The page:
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Eckhard Kruse

Eckhard Kruse

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In 1986, Eckhard Kruse wanted to program in assembler on his Atari ST, but he could not find the software, so he build his own version of the assembly language tools for the system. He managed to create a music editor at the age of 16. But that was just the beginning. This is the story of one of the pioneers of the Atari ST scene. His Grafik und Sound demo is considered the first of its kind. He is also responsible for possibly the most famous monochrome game on the system, called Ballerburg.

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Ballerburg
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Eckhard Kruse Interview

Written by ST Graveyard

October 26, 2021

1) Can you introduce yourself to the people who have not heard of you before?

From Atari ST perspective: I am the author of Ballerburg, a game which became quite popular in Germany. I wrote it in April 1987 while still going to school. I also wrote other ST programs such as the 'music editor' with which I won the first prize of a German ST computer magazine; the quite popular Graphics and Sound Demo and the Grusel Demo (Scary demo) for the color monitor, and tools such as a simulator for digital circuits, a midi sequencer and a 68000 assembler.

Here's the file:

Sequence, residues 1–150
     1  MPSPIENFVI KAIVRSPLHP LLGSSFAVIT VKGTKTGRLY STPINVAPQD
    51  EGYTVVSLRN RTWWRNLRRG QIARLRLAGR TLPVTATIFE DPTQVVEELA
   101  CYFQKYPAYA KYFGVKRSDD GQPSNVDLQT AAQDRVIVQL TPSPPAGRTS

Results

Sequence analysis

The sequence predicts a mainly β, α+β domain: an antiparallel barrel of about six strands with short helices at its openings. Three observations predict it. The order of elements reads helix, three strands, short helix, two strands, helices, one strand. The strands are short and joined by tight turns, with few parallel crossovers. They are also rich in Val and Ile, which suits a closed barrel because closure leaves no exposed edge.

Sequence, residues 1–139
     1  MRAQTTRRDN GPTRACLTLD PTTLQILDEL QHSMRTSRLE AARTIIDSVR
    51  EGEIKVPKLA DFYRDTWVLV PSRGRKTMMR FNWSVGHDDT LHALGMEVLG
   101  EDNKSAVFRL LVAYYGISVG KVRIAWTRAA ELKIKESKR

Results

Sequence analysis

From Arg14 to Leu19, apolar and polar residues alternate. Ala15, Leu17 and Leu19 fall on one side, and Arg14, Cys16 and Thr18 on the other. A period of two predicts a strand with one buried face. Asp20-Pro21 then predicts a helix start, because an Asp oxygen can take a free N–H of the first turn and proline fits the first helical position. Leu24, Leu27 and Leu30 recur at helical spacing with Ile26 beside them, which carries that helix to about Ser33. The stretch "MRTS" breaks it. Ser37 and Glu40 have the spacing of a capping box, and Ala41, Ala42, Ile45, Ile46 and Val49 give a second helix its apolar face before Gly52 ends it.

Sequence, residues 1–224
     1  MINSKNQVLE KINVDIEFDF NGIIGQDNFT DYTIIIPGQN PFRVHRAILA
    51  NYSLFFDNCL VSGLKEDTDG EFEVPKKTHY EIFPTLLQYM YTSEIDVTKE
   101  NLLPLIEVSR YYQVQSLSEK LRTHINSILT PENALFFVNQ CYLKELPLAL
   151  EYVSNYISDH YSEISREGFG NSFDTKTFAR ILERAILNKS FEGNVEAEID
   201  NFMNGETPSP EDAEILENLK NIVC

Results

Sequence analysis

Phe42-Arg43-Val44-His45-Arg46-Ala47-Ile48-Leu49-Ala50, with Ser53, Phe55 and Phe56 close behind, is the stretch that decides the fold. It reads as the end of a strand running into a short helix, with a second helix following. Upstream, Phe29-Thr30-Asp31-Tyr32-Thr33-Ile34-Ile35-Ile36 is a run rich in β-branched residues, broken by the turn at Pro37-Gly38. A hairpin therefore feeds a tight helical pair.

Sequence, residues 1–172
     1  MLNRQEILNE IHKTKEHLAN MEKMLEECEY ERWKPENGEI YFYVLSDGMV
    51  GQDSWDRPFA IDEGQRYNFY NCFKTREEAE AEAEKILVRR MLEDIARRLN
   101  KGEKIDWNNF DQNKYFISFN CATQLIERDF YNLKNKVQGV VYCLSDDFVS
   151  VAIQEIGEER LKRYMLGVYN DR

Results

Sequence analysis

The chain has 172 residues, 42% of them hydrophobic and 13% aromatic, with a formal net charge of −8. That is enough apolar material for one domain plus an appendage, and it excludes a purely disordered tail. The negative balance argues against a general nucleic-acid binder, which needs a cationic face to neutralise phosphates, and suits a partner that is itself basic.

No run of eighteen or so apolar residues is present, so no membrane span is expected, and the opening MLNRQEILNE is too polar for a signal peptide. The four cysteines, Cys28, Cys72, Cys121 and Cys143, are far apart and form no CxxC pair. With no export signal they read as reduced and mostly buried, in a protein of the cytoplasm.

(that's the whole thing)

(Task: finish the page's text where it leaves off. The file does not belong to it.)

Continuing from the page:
From today's 'everyday life' perspective: I work as professor for applied computer science at Baden Wuerttemberg State University, among others teaching a course on programming in C - the language I had already used on the Atari ST. Part of my spare time I spend on some 'weird stuff': parapsychology research. And I have published a book on science and spirituality (in German). (see also www.eckhardkruse.net )


2) Eckhard, on your website I read you had an Atari 800 before you bought the ST. But was the 800 your first computer? Do you remember when, how and why your fascination with computers started? And why did you buy the 800?